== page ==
Andrew Walmsley is co-founder of i-level

30 seconds on Yahoo! Answers

  • Yahoo! Answers launched on 13 December 2005. It was based on the South Korean site KnowledgeSearch. Both allow users to earn points by answering questions.
  • It is the second most-popular reference site on the internet, after Wikipedia.
  • In 2007, the site began filming video segments in which host J Keith van Straaten poses questions from the site to people on the street.
  • The current top user is Stephen K, with 103,935 answers and 676,115 points.
  • Questions are originally open for responses for four days, although users can spend points to extend this period.
  • Candidates in the 2008 US presidential election includ­ing Barack Obama, John McCain and Hillary Clinton posted questions to the site to start a dialogue with voters.
  • Questions posted recently include 'What are these flowers called?', 'How to repair a cracked asphalt walkway?' and ‘What kind of paperwork is necessary for a legal adult to buy a hand gun in California?'

Discussion

Before commenting please read our rules for commenting on articles.

If you see a comment you find offensive, you can flag it as inappropriate. In the top right-hand corner of an individual comment, you will see 'flag as inappropriate'. Clicking this prompts us to review the comment. For further information see our rules for commenting on articles.

comments powered by Disqus
Brand Republic Jobs

subscribe now

Latest

Waitrose boosts content strategy with 'Weekend Kitchen with Waitrose' C4 tie-up
Hottest virals: Cute puppies star in Pedigree ad, plus Idris Elba and Fruyo
Amnesty International burns candles to illuminate new hope
Toyota achieves the impossible by calming angry Roman drivers
Tom of Finland's 'homoerotic' drawings made into stamps
YouTube reveals user habits to appeal to 'older' marketers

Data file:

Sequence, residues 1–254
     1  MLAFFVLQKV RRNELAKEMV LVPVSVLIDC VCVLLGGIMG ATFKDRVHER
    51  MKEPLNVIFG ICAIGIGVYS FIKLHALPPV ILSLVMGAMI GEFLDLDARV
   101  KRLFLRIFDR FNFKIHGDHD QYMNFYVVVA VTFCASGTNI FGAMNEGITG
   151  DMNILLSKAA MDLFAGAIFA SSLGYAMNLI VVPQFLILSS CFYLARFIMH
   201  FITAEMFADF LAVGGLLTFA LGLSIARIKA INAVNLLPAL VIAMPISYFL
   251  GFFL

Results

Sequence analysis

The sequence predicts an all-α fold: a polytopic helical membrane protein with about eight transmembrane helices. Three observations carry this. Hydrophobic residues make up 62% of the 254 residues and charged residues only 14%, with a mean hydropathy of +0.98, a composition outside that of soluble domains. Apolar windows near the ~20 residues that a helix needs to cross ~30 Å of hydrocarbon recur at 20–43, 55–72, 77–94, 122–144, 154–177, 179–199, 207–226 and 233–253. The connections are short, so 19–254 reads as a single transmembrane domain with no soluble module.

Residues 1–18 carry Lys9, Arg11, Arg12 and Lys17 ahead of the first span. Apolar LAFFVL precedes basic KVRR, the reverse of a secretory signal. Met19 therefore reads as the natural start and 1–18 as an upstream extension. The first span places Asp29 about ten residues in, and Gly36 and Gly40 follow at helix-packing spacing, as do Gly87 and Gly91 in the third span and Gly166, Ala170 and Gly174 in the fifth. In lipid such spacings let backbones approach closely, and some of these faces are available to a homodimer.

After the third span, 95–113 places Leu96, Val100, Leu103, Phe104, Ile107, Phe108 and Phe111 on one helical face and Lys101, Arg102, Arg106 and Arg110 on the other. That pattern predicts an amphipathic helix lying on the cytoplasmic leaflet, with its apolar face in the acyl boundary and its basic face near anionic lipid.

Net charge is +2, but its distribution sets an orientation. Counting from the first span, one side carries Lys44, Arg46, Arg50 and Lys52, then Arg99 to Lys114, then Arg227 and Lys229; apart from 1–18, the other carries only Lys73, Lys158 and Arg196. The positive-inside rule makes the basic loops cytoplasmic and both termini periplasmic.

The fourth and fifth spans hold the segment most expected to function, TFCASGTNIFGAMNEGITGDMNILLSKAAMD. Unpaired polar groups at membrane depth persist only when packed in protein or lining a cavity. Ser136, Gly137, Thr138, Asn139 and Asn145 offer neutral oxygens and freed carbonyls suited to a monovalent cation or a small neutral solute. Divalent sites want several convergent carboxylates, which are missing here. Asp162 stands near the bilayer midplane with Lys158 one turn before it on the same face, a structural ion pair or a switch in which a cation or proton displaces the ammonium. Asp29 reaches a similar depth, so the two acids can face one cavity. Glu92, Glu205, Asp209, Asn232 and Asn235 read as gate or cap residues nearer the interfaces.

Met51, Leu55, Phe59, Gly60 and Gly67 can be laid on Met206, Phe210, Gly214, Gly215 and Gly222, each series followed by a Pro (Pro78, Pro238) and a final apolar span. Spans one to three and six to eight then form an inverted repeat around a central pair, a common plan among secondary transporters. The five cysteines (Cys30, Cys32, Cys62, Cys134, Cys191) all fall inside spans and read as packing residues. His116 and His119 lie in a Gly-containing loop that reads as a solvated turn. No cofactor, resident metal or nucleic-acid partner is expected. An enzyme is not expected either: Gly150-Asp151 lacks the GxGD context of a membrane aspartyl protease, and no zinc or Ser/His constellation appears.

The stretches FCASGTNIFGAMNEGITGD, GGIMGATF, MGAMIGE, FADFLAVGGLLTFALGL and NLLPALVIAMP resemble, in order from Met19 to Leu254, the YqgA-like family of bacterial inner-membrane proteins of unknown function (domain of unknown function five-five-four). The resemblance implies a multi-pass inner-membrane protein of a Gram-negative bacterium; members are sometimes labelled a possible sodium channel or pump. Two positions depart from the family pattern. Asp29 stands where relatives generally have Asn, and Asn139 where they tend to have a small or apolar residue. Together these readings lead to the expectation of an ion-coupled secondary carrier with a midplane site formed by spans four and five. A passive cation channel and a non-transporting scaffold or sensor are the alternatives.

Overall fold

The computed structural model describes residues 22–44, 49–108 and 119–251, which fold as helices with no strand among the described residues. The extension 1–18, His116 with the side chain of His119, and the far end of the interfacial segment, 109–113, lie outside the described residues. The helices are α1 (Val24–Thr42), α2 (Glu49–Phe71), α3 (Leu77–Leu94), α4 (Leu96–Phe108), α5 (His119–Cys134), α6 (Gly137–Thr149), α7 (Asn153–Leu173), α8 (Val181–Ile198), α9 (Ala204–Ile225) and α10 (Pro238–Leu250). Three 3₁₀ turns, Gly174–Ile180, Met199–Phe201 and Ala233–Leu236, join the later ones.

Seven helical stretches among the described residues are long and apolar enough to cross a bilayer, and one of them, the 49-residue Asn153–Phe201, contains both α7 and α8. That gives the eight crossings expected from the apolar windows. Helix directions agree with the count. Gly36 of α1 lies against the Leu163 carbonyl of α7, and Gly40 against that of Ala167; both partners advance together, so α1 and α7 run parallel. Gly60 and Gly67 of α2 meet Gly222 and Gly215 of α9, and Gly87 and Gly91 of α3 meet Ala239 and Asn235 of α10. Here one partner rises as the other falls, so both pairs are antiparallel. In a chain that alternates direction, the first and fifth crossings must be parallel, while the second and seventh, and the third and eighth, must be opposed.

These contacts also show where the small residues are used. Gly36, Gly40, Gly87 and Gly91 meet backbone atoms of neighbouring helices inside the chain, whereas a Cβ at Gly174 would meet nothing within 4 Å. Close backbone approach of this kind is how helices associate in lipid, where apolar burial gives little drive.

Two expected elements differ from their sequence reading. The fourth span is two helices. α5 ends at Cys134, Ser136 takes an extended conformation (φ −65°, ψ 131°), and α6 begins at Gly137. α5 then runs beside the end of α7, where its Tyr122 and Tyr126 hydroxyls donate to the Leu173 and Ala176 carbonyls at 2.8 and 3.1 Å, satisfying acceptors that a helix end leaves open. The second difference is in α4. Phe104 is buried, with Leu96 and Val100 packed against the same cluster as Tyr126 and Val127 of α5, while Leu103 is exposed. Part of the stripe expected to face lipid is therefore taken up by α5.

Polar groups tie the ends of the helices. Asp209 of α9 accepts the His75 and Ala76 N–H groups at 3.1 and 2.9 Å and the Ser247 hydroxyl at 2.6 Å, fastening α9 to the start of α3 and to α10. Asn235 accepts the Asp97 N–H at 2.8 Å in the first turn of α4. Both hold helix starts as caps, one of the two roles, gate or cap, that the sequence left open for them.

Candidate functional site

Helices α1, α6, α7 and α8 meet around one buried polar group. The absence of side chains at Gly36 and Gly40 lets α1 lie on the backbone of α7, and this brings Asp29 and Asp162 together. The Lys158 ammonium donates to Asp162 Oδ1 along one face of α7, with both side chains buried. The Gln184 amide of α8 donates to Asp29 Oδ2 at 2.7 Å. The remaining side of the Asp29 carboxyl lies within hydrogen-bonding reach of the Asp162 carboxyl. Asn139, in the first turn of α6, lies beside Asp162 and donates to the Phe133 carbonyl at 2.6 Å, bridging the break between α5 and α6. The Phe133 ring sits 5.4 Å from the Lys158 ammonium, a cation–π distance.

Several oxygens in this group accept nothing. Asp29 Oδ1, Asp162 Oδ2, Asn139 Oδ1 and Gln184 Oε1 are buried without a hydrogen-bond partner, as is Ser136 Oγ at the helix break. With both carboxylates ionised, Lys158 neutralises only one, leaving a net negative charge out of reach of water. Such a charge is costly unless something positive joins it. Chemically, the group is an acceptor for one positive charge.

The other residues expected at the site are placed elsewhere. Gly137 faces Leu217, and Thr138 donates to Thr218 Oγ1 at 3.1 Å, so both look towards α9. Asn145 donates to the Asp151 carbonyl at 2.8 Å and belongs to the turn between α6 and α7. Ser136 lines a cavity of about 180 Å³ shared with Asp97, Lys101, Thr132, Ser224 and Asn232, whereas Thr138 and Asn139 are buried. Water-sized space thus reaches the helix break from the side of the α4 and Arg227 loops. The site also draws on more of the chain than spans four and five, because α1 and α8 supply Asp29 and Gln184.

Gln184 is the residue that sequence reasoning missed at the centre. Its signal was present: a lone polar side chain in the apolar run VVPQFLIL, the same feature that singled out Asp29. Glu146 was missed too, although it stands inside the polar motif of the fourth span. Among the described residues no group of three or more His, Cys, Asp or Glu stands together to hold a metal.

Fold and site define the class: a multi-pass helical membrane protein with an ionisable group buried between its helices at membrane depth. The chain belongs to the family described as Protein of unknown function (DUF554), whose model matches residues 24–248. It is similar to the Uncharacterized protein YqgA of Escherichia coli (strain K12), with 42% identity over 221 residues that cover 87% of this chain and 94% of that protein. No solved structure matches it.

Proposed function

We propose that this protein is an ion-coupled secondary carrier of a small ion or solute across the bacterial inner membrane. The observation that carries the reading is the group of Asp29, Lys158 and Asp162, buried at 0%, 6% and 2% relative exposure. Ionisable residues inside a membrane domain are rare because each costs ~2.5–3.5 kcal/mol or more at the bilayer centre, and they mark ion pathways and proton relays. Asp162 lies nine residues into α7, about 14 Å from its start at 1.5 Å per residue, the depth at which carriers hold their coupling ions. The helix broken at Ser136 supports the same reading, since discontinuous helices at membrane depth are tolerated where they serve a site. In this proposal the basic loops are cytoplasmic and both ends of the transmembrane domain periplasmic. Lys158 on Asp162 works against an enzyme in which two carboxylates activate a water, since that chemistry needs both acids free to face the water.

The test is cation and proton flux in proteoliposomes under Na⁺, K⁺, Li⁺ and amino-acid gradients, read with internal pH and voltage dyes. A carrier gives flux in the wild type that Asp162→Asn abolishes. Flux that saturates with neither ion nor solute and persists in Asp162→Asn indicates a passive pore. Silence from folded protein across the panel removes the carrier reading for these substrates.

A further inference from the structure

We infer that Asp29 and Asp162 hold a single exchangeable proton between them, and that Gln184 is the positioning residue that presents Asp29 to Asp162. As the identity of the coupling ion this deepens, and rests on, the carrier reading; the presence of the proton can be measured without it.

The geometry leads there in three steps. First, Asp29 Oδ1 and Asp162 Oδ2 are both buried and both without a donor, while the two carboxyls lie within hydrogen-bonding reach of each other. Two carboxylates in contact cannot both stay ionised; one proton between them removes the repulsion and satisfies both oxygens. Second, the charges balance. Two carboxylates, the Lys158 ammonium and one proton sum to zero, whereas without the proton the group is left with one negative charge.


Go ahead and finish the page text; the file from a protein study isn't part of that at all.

Ex-M&S marketing chief Steven Sharp consulting at WPP
Wolff Olins reveals new CEO after Apple poaches Karl Heiselman
Glasgow offers £30,000 prize to best digital idea for 2014 Commonwealth Games
Google's revenues surge but shares drop as it grapples with transition to mobile
Facebook beats Twitter to most 'marketing friendly' social media site crown, says DMA
Fableists believe children like Finn should be outdoors enjoying life
Homebase, Baileys and Camelot join the line-up at Media360
MasterCard renews Rugby World Cup sponsorship to push cashless message
Lynx unleashes £9m 'Peace invasion' campaign
Social Brands 100 Youth: Pizza Hut most social youth brand in UK
Cheryl Cole is wild and arresting in new L'Oreal work
Morrisons told not to show alcohol ads during YouTube nursery rhymes
O2 head of brand Shadi Halliwell departs after 23 years at company in restructure
Tesco hit by further sales decline as it turns to digital Clubcard and social network
Branding guru Wally Olins dies aged 83
Duracell short film captures epic Transatlantic voyage
Ash runs Tinder experiment to show smokers are less desirable to opposite sex
British Airways teams up with Gerry Cottle Jnr for summer of rooftop film screenings
Arklu says 'girls can be superheroes too' with doll design competition
Coke enters squash market with Oasis Mighty Drops
Virgin Galactic signs up Land Rover as space flight sponsor
Motorola marketer Andrew Morley departs as Google gears up for sale to Lenovo
US Airways apologises after tweeting obscene image at a customer
Mumsnet admits users' emails and passwords accessed via Heartbleed bug